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From Michael Clark <>
Subject [RFC] Apache Privilege Separation for WebDAV (against 2.3.0-dev)
Date Wed, 05 Dec 2007 15:11:46 GMT
Hi Folks,

I have been maintaining a patch against 1.3.x for privilege separation
support (for WebDAV with UNIX quotas and permissions) that has been used
in a production environment for quite some time (for remote access to
files that are served on an internal network by samba/netatalk).

I have finally got around to porting it to Apache 2.3.0 trunk. Below is
a link to *experimental* patches for those who are interested. Also it
is now working on both Linux and FreeBSD (other unices should be
relatively easy, see notes below on portability issues and potential
possibility for a Windows implementation).

I was thinking of sending the patches to the list for some wider review.
Shall I go ahead and post them here?

Do let us know if any of you are interested in helping me out with this.
It has some interesting applications (like the potential for
implementing an iDisk type service with working quotas support).

Feedback of any sort much appreciated.


Apache Privilege Separation for WebDAV


The Privilege Separation module addresses the problem of a WebDAV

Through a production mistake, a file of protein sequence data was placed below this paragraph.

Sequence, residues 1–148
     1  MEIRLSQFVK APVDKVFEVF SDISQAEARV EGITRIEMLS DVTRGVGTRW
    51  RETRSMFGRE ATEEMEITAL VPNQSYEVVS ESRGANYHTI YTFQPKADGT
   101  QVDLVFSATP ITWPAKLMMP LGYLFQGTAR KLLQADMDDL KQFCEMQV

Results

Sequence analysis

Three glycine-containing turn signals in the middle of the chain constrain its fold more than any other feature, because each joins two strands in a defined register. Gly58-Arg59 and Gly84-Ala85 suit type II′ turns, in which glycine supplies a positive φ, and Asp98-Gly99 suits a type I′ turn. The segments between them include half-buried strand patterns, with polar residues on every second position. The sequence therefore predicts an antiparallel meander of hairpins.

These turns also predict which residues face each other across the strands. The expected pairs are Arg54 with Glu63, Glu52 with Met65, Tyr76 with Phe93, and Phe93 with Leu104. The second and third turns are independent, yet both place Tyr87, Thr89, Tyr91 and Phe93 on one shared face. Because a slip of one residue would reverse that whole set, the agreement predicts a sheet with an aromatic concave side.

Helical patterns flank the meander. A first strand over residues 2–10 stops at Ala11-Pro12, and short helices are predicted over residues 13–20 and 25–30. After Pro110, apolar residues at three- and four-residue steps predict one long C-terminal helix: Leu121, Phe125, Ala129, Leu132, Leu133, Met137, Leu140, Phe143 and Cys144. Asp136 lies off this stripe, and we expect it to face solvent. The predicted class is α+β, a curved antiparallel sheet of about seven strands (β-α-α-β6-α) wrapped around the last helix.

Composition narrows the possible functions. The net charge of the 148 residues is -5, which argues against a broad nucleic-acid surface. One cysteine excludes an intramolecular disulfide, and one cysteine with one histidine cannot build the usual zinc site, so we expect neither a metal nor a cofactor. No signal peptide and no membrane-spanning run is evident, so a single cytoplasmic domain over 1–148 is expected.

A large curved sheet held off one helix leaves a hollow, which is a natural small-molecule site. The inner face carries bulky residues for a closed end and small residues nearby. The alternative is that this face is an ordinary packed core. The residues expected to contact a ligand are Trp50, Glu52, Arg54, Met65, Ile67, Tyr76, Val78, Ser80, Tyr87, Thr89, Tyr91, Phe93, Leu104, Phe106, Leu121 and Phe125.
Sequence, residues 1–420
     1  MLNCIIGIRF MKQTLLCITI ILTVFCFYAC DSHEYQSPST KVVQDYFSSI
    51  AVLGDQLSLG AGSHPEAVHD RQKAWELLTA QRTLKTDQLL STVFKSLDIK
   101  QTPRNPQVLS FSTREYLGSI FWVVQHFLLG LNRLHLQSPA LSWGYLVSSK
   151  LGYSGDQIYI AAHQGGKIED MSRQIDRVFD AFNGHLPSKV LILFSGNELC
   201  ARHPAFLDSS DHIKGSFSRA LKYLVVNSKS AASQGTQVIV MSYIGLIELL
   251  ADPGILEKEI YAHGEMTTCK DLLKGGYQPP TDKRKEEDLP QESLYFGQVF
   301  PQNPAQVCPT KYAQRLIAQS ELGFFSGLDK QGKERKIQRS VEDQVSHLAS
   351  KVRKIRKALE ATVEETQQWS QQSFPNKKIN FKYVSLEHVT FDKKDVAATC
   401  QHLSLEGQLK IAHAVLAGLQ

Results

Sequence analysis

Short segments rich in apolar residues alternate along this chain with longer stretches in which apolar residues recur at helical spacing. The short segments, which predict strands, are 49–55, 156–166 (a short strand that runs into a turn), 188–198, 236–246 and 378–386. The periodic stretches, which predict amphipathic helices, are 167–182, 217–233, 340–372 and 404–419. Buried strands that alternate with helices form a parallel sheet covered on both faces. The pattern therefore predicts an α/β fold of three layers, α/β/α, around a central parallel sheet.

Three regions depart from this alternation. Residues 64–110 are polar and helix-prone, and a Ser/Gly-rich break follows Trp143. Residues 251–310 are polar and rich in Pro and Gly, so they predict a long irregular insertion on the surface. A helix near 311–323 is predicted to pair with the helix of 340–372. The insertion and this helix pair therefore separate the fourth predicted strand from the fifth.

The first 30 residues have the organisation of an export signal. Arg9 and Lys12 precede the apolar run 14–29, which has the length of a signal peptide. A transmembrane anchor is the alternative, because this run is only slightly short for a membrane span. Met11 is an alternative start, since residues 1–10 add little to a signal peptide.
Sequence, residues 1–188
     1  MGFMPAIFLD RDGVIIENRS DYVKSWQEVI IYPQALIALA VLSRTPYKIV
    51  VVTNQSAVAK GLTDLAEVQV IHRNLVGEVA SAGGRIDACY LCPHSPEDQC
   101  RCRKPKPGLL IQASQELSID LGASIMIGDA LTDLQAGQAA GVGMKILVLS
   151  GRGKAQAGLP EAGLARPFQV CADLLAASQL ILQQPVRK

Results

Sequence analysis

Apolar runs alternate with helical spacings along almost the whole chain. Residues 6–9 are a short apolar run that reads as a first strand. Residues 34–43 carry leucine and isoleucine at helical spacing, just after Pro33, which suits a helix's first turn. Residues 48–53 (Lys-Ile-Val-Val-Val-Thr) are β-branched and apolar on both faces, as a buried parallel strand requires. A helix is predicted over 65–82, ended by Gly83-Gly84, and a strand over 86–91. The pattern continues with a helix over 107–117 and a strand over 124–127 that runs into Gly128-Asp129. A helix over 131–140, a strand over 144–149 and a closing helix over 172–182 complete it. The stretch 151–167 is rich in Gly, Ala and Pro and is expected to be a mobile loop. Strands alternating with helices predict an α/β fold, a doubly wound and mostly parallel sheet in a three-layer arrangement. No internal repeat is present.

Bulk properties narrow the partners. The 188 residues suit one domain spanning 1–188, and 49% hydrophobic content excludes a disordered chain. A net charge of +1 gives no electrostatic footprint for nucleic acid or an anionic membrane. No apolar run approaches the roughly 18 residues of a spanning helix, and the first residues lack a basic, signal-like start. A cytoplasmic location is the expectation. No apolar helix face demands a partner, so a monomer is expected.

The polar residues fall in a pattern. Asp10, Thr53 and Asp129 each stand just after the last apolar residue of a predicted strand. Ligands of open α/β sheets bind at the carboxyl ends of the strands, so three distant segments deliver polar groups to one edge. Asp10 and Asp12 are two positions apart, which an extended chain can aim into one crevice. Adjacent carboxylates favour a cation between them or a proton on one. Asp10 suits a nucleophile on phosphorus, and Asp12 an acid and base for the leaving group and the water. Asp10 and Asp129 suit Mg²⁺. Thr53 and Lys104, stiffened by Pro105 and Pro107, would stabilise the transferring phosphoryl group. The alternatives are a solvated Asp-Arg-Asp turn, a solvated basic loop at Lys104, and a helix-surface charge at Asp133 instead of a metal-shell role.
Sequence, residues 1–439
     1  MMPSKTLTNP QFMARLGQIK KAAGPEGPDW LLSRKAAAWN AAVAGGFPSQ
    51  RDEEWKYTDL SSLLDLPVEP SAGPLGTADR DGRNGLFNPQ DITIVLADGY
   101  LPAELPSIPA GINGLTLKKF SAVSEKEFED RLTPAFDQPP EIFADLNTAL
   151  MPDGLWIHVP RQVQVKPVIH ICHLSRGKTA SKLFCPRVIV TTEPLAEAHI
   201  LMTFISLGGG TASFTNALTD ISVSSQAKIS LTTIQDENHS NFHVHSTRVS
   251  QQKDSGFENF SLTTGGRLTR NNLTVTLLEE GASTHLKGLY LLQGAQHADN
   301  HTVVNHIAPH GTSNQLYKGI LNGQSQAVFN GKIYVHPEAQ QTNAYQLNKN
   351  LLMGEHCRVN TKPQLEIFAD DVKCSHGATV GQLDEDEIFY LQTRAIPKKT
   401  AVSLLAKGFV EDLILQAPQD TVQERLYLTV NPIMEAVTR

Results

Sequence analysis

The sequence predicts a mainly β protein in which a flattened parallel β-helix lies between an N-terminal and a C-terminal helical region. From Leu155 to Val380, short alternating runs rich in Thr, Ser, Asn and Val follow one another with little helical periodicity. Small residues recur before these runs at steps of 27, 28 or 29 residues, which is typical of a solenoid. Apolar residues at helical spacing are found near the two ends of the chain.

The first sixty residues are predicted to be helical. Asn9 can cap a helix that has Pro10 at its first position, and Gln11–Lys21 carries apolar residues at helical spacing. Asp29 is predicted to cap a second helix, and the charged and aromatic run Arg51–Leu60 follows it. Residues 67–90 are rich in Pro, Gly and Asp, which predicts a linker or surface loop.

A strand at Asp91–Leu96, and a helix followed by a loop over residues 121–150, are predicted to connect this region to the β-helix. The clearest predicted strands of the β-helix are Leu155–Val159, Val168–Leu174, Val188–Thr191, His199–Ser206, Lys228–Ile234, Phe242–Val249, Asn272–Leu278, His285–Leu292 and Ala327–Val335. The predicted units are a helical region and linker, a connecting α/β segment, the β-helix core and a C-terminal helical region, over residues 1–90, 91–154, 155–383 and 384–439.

virtual server only being able to write files as a single user id
(usually something like 'nobody' or 'www').

The Privilege Separation module addresses this problem in a secure
way by adding privilege separation to the Apache web server
(conceptually similar to ssh privilege separation).

A privilege separated Apache can be used to allow WebDAV write access
to users home directories while both preserving and honouring unix
permissions and allowing the use of unix quotas and PAM authentication.


In Privilege Separation mode Apache continues to run as an unprivileged
user although an additional secure process runs as 'root'.

The apache worker processes communicate with the 'root' privileged
separated process via unix sockets to carry out system authentication
and privileged file system operations. Namely:

* Responding to PAM authentication requests
   pam_unix authentication is not normally possible in apache due to
   the unprivileged process not being able to access the shadow file.
   Due to the privilege separated design this is now possible.
   Authentication responses include a cryptographic token which encodes
   the users credentials and is verified in successive privileged
   filesystem requests made to the privsep process.

* Performing privileged filesystem operations on behalf of the
   unprivileged apache worker processes with the privileges of the
   authenticated user. The cryptographic token is verified and then the
   effective userid is set and the filesystem operation is performed.

Certain auditable points in the apache core code (core.c, request.c),
mod_autoindex and mod_dav code have been changed to use the privilege
separated file io calls which communicate via unix sockets to the
privileged daemon. File descriptors are passed back over unix sockets
for open calls.


APR file IO calls are modified to use the privsep versions which take
an additional context argument (request_rec* r):


The privsep versions of the function fetch a token from r->notes.